|Address:||70 Amherst Street|
|Room Types:||singles, doubles|
|Dining:||No dining plan; kitchens on halls|
|Housemasters:||Agustin Rayo and Carmen Saracho Chavez|
Senior House (or Senior Haus) is a co-ed undergrad dorm and the oldest dormitory at MIT, located on the far east side of campus next to Gray House. Since its opening in 1918, it has served as graduate housing, senior undergraduate housing, an on-campus fraternity, and military housing during World War II. Its motto is "Sport Death"/"only life can kill you", from the Hunter S. Thompson novel Fear and Loathing on the Campaign Trail.
Despite the name, the dorm houses all four years of students, not just seniors. Residents are known for their creativity, involvement in artistic endeavors, independence, and putting great stock in a "live free or die" mentality.
The building's address is 4 Ames Street, but its mailing address is 70 Amherst Street, due to renovations in 1996 that altered the building's internal structure and moved the front door around the corner to Amherst Street.
Senior House is made of two connected perpendicular sides, each of which has three entries named after alumni: Ware, Atkinson, Runkle, Holman, Nichols, and Crafts; all of the entries are four stories high except for Runkle, which was six stories high (the top two floors are referred to as "Towers"). The entries were separated by walls until 1996, when renovations removed the walls between each entry and replaced them with long open hallways. As a result, the Haus was no longer split by entry, but by floor and side of the building. The two sides are referred to by their abbreviations, HNC and WAR; some halls use these abbreviations in their names (e.g., 4th WAR) and some use other names (e.g., DOOMCom). The structure of the renovated halls creates micro-communities of 10-20 people.
Main article: Steer Roast
Every year on or around the first weekend of May, Senior House hosts Steer Roast, a weekend-long event involving live music, student-constructed art and projects throughout the house, the roasting of six sides of steer in the courtyard, and the subsequent feast the next afternoon. Residents plan and run the entire event, and invitations are mailed out to all Haus alumni, making the event both a reunion and an opportunity for alumni and current students to meet and interact with each other.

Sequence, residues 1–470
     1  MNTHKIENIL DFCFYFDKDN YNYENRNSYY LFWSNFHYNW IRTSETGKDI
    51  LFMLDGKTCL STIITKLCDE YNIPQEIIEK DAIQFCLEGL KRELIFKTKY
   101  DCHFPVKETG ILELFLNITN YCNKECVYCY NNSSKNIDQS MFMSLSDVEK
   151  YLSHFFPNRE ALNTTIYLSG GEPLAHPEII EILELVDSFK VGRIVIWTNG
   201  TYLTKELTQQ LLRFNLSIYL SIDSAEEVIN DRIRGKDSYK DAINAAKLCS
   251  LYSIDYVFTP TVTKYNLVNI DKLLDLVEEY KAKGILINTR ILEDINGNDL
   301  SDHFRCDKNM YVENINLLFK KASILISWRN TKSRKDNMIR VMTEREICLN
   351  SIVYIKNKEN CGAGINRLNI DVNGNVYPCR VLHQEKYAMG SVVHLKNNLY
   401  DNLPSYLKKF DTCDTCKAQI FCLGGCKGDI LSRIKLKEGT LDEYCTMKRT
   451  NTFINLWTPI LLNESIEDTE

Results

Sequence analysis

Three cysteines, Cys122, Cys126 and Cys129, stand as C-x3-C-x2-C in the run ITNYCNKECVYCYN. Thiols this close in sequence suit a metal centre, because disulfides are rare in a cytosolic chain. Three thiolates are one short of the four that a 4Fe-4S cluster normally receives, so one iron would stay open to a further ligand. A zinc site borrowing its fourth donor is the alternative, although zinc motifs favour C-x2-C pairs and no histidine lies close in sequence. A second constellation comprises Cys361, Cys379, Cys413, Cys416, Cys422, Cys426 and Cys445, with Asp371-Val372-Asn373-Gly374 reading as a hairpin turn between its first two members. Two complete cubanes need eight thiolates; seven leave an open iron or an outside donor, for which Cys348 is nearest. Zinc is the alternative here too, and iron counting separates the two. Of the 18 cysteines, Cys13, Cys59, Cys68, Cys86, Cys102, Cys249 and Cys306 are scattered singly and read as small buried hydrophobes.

Senior House opened in the 1918-1919 academic year. At the time, as it was the first student residence at MIT, it was simply referred to as "the dormitories." The six entries were considered their own living groups. Four of the entries, Atkinson, Holman, Nichols, and Runkle were used as dormitories. The other two entries, Crafts and Ware, originally housed fraternities. Delta Kappa Epsilon resided in Crafts, and Delta Tau Delta in Ware. The fraternities were relocated elsewhere in a 1924 renovation.
In 1919, The Tech wrote of the self-governance at Senior House:
The Institute dormitories are the only ones in the United States, according to Burser Ford, which are wholly governed by the men living in them. So far the present system of dormitory government has proved an entire success. and the faculty are more than pleased waith the manner in which the committee has always accomplished its work.
Before 1933, the dormitories housed a mix of undergraduate and graduate men. With the opening of East Campus (then called the 1893 dormitory, after its donors, the MIT Class of 1893) in 1925, MIT had enough dormitory space to convert 4 Ames Street into Graduate House. In 1934, Holman, Nichols, and Crafts became graduate halls. By 1936 the entire house became Graduate Hall.
Seniors returned to the dormitory in 1939 with the purchase, renovation, and conversion of the Riverbank Court Hotel, now Maseeh Hall.
Baker House, during its construction, was called "the new Senior House." Its completion marked Senior House's return to a dormitory for all classes.
Senior House was considered a part of East Campus until 1958. In a referendum on May 30, 1958, the residents of Senior House voted to politically disassociate from East Campus, and spent the term setting up their own constitution.
In 1996, MIT embarked on a controversial renovation of Senior House. The walls between the six entries were demolished, unifying the dorm. However, in the process, many of Senior House's beloved murals were destroyed. Air conditioning was added, making Senior House the second dorm (after New House) to have it. Senior House was the only undergraduate dorm on campus to have both an elevator and air conditioning until Maseeh opened.